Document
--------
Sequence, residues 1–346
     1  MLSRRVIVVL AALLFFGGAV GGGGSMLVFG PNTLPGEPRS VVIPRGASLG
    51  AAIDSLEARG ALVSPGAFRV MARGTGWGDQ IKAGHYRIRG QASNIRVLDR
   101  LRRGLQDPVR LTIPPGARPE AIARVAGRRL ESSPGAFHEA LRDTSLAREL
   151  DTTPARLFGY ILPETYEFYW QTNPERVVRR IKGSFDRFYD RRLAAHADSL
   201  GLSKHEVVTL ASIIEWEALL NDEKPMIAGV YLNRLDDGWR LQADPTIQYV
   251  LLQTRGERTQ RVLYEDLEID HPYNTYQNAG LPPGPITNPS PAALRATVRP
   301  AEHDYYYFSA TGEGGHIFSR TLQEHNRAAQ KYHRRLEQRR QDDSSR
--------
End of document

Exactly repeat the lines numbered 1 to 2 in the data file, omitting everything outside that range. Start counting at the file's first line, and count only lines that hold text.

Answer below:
Sequence, residues 1–346
     1  MLSRRVIVVL AALLFFGGAV GGGGSMLVFG PNTLPGEPRS VVIPRGASLG